Julián Casanova in Eurozine:
In the first few months of 1936, Spanish society was highly fragmented. There was uneasiness between factions and, as was happening all over Europe with the possible exception of the United Kingdom, the rejection of liberal democracy in favour of authoritarianism was rife. None of this need have led to a civil war. The war began because a military uprising against the Republic undermined the ability of the State and the Republican government to maintain order. The division of the army and security forces thwarted the victory of the military rebellion, as well as their main objective: the rapid seizure of power. But by undermining the government's ability to keep order, this coup d'état transformed into the unprecedented open violence employed by the groups that supported and those that opposed it. It was July 1936 and thus began the Spanish Civil War.
The civil war came about because the military coup d'état failed to achieve its basic objective at the outset, which was to seize power and overthrow the republican regime, and because, unlike the events in other republics of the time, there was comprehensive resistance, both military and civil, to counter any attempt at imposing an authoritarian system. Had it not been for this combination of coup d'état, division of the armed forces and resistance, there would never have been a civil war.
This coup d'état met resistance because the Spanish society of 1936 was not the same as that of 1923, when the September uprising led by General Miguel Primo de Rivera was favoured by the general abstention of the army, the weakness of the government, the apathy of public opinion and above all, the consent of King Alfonso XIII.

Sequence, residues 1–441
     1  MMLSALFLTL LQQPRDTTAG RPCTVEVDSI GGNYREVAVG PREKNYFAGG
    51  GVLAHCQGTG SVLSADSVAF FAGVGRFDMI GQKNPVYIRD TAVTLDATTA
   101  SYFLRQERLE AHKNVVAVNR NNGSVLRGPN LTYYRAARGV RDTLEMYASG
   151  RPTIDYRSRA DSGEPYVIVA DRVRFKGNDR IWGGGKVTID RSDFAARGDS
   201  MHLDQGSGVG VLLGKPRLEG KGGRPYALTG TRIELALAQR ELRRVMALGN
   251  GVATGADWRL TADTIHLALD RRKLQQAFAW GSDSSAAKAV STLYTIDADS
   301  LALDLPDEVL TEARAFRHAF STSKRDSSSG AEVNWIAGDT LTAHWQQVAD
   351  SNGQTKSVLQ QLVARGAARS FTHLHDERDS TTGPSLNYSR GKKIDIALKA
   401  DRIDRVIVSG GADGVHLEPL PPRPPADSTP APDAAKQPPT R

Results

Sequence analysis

In 1936 there was a Republic in Spain, whose laws and measures had given it the historical opportunity to solve insurmountable problems, but it had also come across, and caused, major factors of instability, which successive governments could not provide the proper resources to counteract. Against such a widespread level of political and social mobilization as had been set in motion by the Republican regime, the coup d'état could not end, as had occurred so many times in Spain's history, in a mere return to the old order, based on traditional values. To overthrow the Republic, what was needed was a new, violent, antidemocratic and antisocialist order, such as had previously been established elsewhere in Europe, to end the crisis and repair all the fissures that had been opened, or widened, by the Republican regime.